• Critically evaluate the major approaches to software development
    • Critical review of modelling approaches and the ability to produce simple models and understand more complex ones
    • Be able to design the user interface component of a complex software system.
  • Strategic Application of Information Systems
    Module LeaderMr Ross Harris - Lecturer
    Syllabus
    • Strategy and strategic information systems in context
    • Strategic analysis
    • Strategy development
    • Analytical tools
    • Information systems and strategy alignment.
    Intended learning outcomes

    On successful completion of this module students should be able to:

    Knowledge

    • Formulate Information Systems (IS) strategy and plans appropriate to a particular organisation and its environment.
    • Appraise issues relating to the implementation and maintenance of IS strategy.
    • Justify in terms of organisational business benefit strategies for the management of information and applications.

    Skills

    • Analyse and refine organisational strategy and policy for a selected organisation in order to identify the core competencies to be supported by IS.
    • Align organisational business and IS strategy for a selected organisation such that the IS strategy supported the business objectives.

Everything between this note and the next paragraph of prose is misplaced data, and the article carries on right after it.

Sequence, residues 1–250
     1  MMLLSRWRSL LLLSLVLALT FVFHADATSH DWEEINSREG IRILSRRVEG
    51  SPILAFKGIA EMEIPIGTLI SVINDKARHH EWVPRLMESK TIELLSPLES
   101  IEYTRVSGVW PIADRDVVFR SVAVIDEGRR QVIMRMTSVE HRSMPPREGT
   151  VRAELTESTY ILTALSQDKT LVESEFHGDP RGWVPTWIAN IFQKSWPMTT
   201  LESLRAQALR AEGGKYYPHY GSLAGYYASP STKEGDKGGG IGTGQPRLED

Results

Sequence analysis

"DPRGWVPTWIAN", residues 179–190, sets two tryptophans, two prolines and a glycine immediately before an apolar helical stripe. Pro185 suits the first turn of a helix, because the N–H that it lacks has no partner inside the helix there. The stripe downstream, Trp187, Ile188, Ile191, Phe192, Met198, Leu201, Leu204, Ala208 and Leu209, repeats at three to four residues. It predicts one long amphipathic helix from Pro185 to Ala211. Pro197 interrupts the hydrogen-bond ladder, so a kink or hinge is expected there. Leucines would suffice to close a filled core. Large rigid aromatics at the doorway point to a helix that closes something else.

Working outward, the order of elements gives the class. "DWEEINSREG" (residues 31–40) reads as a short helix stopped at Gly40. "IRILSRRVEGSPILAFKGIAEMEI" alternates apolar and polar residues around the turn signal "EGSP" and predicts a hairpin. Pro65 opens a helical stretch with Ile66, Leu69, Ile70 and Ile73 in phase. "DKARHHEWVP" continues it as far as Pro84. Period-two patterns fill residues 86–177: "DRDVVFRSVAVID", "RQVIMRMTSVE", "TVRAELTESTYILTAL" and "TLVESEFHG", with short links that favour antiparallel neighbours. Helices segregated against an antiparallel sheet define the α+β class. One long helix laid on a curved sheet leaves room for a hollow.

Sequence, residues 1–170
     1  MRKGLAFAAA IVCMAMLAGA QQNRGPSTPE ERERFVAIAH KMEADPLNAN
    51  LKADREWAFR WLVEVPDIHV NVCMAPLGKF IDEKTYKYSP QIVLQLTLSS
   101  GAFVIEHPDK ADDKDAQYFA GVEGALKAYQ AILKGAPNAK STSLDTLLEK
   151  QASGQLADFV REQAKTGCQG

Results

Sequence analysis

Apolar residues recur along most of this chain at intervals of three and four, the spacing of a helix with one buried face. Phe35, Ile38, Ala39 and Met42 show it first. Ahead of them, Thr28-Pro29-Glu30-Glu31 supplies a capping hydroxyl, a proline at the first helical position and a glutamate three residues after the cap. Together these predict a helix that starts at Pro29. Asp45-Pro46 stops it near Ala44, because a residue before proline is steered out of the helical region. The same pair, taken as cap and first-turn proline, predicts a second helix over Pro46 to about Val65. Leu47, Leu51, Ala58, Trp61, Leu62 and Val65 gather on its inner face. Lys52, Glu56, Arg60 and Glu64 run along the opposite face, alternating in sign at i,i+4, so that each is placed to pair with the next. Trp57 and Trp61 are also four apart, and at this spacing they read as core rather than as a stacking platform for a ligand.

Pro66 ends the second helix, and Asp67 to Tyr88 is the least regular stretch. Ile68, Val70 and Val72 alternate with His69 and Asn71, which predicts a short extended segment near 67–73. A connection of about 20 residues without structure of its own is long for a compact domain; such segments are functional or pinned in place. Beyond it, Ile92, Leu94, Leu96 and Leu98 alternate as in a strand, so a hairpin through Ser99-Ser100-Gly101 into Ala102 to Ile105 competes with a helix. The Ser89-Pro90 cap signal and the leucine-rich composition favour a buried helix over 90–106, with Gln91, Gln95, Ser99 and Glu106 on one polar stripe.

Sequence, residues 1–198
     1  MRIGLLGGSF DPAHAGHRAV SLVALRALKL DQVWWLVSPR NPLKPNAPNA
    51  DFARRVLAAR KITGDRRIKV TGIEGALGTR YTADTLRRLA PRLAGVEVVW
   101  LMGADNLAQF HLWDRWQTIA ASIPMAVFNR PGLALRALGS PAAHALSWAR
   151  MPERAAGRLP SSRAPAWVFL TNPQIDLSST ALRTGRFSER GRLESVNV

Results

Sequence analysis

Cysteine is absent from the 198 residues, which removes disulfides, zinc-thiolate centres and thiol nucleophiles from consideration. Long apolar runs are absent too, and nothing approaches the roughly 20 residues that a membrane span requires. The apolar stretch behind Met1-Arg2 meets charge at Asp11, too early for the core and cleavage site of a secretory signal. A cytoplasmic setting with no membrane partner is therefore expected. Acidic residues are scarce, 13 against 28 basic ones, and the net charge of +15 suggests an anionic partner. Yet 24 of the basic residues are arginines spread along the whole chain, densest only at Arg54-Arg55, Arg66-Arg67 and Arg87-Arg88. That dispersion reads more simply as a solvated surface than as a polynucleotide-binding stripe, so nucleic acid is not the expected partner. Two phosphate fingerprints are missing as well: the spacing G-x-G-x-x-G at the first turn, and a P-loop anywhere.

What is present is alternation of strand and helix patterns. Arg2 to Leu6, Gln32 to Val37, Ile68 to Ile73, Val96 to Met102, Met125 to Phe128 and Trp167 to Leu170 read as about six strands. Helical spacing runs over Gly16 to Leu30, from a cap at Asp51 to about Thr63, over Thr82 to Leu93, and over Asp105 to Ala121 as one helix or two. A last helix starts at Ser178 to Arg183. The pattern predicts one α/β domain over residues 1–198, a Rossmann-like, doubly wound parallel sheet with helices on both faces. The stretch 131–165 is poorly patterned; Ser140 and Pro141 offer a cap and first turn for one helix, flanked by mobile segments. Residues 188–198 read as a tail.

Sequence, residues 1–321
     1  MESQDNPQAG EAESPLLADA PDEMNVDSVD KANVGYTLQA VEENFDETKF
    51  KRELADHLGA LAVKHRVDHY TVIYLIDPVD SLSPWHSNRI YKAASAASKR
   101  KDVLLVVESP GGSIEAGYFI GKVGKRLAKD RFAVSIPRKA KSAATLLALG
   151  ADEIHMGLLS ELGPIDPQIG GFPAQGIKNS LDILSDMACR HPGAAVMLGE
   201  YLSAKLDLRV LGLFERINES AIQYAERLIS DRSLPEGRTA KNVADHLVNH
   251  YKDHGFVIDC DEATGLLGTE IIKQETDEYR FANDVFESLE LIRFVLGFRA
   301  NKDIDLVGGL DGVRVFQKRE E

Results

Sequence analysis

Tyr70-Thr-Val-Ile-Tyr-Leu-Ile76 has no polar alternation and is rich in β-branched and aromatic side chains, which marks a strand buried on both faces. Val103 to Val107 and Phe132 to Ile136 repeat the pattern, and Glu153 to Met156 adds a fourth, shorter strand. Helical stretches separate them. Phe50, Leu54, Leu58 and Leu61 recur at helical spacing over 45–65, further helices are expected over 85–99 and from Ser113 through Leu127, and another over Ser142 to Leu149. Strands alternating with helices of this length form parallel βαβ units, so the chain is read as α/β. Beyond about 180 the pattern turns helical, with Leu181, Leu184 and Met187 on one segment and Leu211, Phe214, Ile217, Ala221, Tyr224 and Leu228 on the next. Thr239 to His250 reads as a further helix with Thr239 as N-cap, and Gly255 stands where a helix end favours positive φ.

• Review strategy for a selected organisation against relevant legislative and professional issues to identify gaps.
    • Justify the selection of methods and tools relevant to the formulation of information strategy and plans.
  • Systems Architecture
    Module LeaderDr Duncan Hodges - Lecturer in Information Systems Management
    Syllabus
    • What is Systems Architecture?
    • Representation of architectures
    • Information systems quality attributes
    • Architectural strategies (styles) and tactics
    • Architectural design
    • Evaluation of architectures
    • Architectural frameworks
    • Information systems technology.
    Intended learning outcomes

    On successful completion of this module students should be able to:

    Knowledge

    • Differentiate between different architectural strategies and tactics based on their cost, effectiveness and user needs
    • Critically evaluate Information Systems (IS) architectures against business needs.

    Skills

    • Distinguish the steps required to develop an IS architecture
    • Appraise the variety of approaches to architecture development driven by the different architectural frameworks, such as:
      • The Open Group Architecture Framework
      • Department of Defense Architecture Framework
      • Ministry of Defence Architecture Framework
    • Critically compare the underlying IS technology which determines the selection of the architectural strategies and tactics
    • Evaluate the importance of the philosophies underlying different IS development methodologies
    • Evaluate competing analysis and design techniques.
  • Data-led Decision Support
    Module LeaderDr Oliver Buckley - Lecturer
    Syllabus
    • Information Visualisation
    • Data mining pipeline
    • Big Data models for exploring data
    • Data analytics
    Intended learning outcomes

    On successful completion of the module the student will be able to: